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Smooth Classics with Margherita Taylor 10pm - 1am
Cannons, fireworks, trumpets, and drums – with the whole orchestra to play with, it’s no wonder classical music is the perfect accompaniment for a New Year celebration.
You might not be dancing the polka, but New Year’s Eve is made that little bit extra special with a glass of bubbly. The sprightly music is a little joke from Johann Strauss II, who wrote the piece to evoke the sound of champagne bottles being uncorked.
Let… there… be… LIGHT! A glorious blaze of choral music from Haydn, and a brilliantly uplifting choice for New Year’s Eve fireworks. The oratorio tells the story of God creating the world – the very first New Year’s Day, if you like!
Gradually increasing in intensity, this whirling waltz conjures all the glitz and glamour of the ballroom – this time, from Délibes' ballet, Coppélia, which premiered in 1870.
You can almost see the fireworks flying from the orchestra in this effervescent piece by Tchaikovsky. Loud, brash, over the top, yet beautifully musical, this celebratory orchestral number is bound to give you a burst of optimism as the old year draws to a close.
Each year in Vienna, some of the finest musicians come together to perform at the New Year’s Concert. This lovely polka by Strauss II was played at the very first of these concerts in 1936.
It’s unlikely your fireworks will be royal this year, but that shouldn’t stop you from enjoying this celebratory piece of music by Handel. This music fit for a king was first performed on 27 April 1749.
There’s nothing like a trumpet fanfare to bring in the New Year, and Stanley’s trumpet voluntary is one of the greatest of them all. Uplifting and cheery, this piece is bound to put a smile on your face in time for midnight.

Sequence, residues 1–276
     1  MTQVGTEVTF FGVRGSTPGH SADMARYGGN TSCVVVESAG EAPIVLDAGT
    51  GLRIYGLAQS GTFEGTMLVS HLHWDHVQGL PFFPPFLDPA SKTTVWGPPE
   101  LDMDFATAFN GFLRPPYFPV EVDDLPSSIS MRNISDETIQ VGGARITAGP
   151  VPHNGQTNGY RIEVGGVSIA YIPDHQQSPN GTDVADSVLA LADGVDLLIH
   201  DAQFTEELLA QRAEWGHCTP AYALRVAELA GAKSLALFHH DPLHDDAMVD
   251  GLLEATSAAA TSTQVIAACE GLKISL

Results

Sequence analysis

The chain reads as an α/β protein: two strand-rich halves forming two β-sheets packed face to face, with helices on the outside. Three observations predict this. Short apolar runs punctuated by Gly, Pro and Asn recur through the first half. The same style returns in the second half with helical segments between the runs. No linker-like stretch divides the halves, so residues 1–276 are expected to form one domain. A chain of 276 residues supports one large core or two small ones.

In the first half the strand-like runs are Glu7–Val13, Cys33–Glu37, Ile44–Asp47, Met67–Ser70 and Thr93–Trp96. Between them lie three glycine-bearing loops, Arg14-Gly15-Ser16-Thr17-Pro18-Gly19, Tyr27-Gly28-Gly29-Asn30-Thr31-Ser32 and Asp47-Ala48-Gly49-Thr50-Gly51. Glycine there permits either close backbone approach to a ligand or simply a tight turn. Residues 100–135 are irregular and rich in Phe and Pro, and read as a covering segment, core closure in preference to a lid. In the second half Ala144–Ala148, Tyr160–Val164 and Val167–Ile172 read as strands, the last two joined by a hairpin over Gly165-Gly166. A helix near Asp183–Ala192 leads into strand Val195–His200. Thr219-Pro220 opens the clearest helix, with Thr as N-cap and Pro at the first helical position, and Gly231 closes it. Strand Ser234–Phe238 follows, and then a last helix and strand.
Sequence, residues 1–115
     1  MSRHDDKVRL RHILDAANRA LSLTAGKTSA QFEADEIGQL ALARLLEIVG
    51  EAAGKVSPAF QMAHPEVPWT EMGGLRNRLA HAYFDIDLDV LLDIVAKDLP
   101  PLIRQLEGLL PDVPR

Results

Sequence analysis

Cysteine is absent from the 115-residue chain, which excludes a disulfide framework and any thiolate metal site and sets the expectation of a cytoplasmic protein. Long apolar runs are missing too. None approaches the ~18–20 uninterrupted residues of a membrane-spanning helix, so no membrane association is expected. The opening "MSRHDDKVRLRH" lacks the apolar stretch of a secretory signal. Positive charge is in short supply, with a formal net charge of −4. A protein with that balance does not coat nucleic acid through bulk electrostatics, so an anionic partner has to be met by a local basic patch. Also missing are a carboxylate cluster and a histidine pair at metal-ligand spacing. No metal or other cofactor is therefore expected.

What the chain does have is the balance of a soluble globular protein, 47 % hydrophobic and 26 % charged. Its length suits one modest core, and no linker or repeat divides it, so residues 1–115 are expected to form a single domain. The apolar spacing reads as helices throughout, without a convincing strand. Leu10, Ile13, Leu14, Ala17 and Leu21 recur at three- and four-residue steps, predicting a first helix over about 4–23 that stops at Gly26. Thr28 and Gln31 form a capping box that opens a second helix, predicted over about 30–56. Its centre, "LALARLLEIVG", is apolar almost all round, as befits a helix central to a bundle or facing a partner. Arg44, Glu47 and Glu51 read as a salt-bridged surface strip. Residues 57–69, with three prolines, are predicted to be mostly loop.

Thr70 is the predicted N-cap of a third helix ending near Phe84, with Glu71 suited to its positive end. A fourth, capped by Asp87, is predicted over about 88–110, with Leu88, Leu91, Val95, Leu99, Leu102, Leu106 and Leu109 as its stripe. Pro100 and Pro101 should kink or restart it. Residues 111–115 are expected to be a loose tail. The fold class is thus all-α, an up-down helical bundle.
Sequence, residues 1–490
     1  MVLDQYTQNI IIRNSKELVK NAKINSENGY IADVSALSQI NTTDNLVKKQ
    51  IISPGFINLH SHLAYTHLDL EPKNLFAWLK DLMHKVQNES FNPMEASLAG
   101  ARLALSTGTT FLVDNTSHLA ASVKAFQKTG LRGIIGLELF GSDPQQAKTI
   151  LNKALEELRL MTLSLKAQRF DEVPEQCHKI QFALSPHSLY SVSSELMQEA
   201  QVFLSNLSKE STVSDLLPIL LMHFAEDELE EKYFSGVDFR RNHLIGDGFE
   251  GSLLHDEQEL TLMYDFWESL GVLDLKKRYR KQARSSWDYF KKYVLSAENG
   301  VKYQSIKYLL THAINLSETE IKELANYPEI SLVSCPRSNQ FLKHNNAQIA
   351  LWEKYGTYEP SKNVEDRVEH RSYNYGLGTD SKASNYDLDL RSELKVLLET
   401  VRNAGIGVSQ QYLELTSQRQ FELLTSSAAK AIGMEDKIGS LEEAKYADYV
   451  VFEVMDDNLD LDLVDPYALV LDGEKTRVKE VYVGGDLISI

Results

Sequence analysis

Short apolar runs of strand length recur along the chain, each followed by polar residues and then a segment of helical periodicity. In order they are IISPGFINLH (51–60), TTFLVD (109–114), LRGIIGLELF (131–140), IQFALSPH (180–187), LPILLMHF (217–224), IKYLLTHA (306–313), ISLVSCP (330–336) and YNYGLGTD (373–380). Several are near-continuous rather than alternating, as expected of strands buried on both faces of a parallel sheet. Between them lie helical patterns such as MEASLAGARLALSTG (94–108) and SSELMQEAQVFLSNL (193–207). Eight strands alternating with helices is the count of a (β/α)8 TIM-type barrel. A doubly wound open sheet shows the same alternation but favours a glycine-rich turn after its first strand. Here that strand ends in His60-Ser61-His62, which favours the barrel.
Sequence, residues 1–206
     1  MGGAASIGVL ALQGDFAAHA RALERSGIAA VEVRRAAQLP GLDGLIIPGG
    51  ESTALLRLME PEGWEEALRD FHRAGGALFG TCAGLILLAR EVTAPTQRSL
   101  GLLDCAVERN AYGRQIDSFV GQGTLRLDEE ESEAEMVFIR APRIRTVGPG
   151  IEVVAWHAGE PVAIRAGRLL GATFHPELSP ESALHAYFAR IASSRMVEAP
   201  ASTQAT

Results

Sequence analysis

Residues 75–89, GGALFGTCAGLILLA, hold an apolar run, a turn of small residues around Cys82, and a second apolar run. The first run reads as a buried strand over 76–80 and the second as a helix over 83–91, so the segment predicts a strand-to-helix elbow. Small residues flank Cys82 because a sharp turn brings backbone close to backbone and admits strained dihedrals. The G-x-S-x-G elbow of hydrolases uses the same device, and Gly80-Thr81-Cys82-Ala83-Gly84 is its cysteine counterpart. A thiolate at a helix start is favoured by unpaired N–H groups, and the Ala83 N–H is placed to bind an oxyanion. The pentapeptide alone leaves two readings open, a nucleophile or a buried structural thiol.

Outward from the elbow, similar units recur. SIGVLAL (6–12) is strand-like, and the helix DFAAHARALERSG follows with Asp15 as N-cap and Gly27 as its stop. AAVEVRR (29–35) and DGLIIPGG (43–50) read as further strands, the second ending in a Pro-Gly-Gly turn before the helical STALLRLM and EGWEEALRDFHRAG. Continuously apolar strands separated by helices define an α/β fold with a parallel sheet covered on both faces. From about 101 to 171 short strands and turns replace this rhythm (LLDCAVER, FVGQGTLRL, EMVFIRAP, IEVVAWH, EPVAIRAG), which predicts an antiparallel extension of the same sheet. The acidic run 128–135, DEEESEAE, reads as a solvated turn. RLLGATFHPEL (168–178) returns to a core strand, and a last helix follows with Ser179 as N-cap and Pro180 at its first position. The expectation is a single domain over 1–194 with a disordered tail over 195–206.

Traditionally sung (or at least mimed if you’ve forgotten the words!) as the first song of the New Year, Auld Lang Syne is a folk song with words by Robert Burns. The Fantasia by Ernest Tomlinson makes the most of the familiar melody and weaves it in with other well known pieces – see how many you can spot!
Viennese waltzing not your cup of tea? How about letting Khachaturian whisk you away to a masked ball? The Soviet Armenian composer’s whirling composition is incidental music to a play by Russian poet Mikhail Lermontov, but we think it sounds just wonderful on its own.
A rousing orchestra, a fantastic waltz tune, and some meaty music played by the cellos - it can only be the Beautiful Blue Danube. It's often played as an encore at the New Year's Concert in Vienna, and we can see why!
'Die Fledermaus' literally means 'The Bat' - what's festive about that, you might ask? Listen to the first few bars of Strauss' brilliant opera overture, and think again. This lively Viennese gem was performed at the first New Year's Day Concert in Vienna.
It's not a dance, but it's certainly celebratory - one of the most celebratory songs possible, really. Sung by the angels, the text glorifies God in the highest heavens, and bids peace to all people on earth, and Bach's wonderful triple time music fits in beautifully amongst some of the best waltzes. A fitting way to start the new year!
This rollicking march composed in 1848 can't fail to put you in a good mood. We challenge you not to clap along to the lively tune, which is commonly used as an encore in concerts of Viennese light music.
Embrace the wintery atmosphere in this waltz, inspired by skaters at the Bois de Boulogne in Paris. And who better to perform this piece and play in the New Year in style than King of the Waltz himself, André Rieu?
Nothing announces an entrance like a trumpet, and there are few trumpet concertos as brassy and brilliant as Haydn's concerto in E flat, so it seems a perfect choice to announce the arrival of the new year. The final movement in particular is simply splendid, with its fast runs and elaborate ornaments.